As far as the mid range cycling. From what I can gather from people who have been using these cells for over 3 yrs and from what I can gleen from what Jay Whitacre of the Carnegie Mellon Robotics institute says, these cell actually live even longer if not taken below 30% SOC and not above 90% SOC and will very happily float up and down anywhere within that envelope. The electrolyte heating that causes plate coating happens when the cells are pushed above 100% or below 0% but some degradation occurs below 20% and above 98%.
Because it's near impossible to tell exactly what percentage each cell is without taking it to one extreme or the other and then counting Ah from there the 30% to 90% figure give a comfortable barrier to work in.
If you were never to take the cells above 3.4v or below 3.2v they would possibly out last the user. Even though that's only a 0.2v range that represents between 30% SOC and 90% SOC, their voltage curve is that flat.
I've had mine down to 17% SOC with a 30 amp load on them and they still held above 13v.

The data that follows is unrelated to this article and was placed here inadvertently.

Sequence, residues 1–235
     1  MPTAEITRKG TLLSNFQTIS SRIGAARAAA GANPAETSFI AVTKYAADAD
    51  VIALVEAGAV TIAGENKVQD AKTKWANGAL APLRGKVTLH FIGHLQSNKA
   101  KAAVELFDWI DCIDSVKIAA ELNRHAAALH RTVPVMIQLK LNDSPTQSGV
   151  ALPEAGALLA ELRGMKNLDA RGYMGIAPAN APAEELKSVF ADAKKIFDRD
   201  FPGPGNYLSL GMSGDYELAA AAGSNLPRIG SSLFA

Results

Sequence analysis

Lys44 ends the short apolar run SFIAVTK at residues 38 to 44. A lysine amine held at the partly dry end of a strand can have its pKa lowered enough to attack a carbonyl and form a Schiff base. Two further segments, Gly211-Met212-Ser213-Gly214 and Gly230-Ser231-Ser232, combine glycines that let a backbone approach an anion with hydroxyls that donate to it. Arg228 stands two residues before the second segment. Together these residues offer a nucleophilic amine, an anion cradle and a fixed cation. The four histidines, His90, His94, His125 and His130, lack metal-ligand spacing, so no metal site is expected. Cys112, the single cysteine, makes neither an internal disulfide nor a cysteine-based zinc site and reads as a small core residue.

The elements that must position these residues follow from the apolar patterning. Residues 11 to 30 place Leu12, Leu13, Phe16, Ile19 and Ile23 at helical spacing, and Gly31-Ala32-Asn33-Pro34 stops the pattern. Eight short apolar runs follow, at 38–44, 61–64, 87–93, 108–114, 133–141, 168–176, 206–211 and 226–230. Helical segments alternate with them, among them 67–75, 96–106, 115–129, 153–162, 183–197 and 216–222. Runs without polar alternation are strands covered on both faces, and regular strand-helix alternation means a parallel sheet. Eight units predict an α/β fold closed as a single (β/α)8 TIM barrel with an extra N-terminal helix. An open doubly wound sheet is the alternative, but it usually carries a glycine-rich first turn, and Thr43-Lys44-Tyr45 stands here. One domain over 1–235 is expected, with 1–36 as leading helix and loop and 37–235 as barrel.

If you have a good Ah meter and SOC meter you could float between these figures indefinitely, can't get much more care free than that, but, you would still need to do a charge to bring every cell above 3.5v every so often just to reset were 100% is. Any cell with a no load voltage above 3.45v is 100% full.
They do need to be secured well and the terminal bolt tensions check every so often and the tops of the cells should be kept clean to stop shorting between cells, same routine as lead acid batteries but these don't spit acid out. The reason for securing and firmly packing them together is to stop the cases from bulging if fast charging and to stop them moving between each other and undoing the terminal bolts.